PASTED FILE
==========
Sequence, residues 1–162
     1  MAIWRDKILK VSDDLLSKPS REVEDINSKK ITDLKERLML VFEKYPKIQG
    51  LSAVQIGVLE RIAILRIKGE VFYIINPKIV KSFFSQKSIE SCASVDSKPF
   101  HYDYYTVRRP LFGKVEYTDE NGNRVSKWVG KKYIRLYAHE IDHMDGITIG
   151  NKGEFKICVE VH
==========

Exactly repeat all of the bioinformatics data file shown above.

Sequence, residues 1–162
     1  MAIWRDKILK VSDDLLSKPS REVEDINSKK ITDLKERLML VFEKYPKIQG
    51  LSAVQIGVLE RIAILRIKGE VFYIINPKIV KSFFSQKSIE SCASVDSKPF
   101  HYDYYTVRRP LFGKVEYTDE NGNRVSKWVG KKYIRLYAHE IDHMDGITIG
   151  NKGEFKICVE VH